Archive for May, 2010

Think Different


Christian virtue and the “wider world”

Something that’s been on my mind for a while now is the subject of Christian witness — virtue, character — and its relationship (reaction to, impact on) “secular” society.  Do people of faith really have anything significant to add to efforts for peace and justice when so many of the non-faithful are already out there in the trenches? I say we do. In fact, I maintain that the struggle for human rights and justice are based in issues of faith — the world is not as it should be, humans have dignity and beauty, we should seek to bolster the well-being of others, love, etc.  I’m not entirely convinced that humans would come to these conclusions were it not for faith and religion.

This is (partly) the argument N.T. Wright makes in his new book, After You Believe. The following passage gets us down the path a ways in the discussion of Christian witness in “secular” societies:

Those who are called to reflect God’s image through their own work must give attention to the task of working out, in a highly contested contemporary world, what that restorative justice ought to look like and how we might help bring it about. This will mean engaging with political debates and processes of various sorts, campaigning on key issues, and highlighting oppression and injustice wherever they occur. The Western world has supposed, for two hundred years and more, that splitting off questions of social justice from questions of God and faith would give us a more just society. The revolutions, totalitarianisms, and all-out wars of that period have proved us wrong. But to put God and human justice back together again will require a sustained effort, not only by individuals but by the church as a whole, developing the corporate virtues of justice-work that will become habits of the church’s heart and will appeal to the conscience of the wider world. (Wright, p. 231)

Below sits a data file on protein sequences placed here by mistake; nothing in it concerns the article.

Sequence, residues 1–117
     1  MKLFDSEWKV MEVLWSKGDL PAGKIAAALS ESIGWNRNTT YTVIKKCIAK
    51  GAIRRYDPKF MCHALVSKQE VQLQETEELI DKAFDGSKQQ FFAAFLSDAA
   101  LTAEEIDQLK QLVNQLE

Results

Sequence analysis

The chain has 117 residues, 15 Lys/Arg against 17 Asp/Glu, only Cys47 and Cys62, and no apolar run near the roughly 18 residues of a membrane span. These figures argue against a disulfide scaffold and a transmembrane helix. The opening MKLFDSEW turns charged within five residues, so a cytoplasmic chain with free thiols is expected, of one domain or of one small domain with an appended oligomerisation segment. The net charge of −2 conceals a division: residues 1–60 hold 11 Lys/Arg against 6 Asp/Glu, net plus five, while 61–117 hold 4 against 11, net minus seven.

Put another way, to eliminate religious speech and expression from the public square (as we’re seeing in many European countries) is to cut off the branch on which human rights rest. Christian witness has a place at the table in conversations about justice and the betterment of society. A crucial place.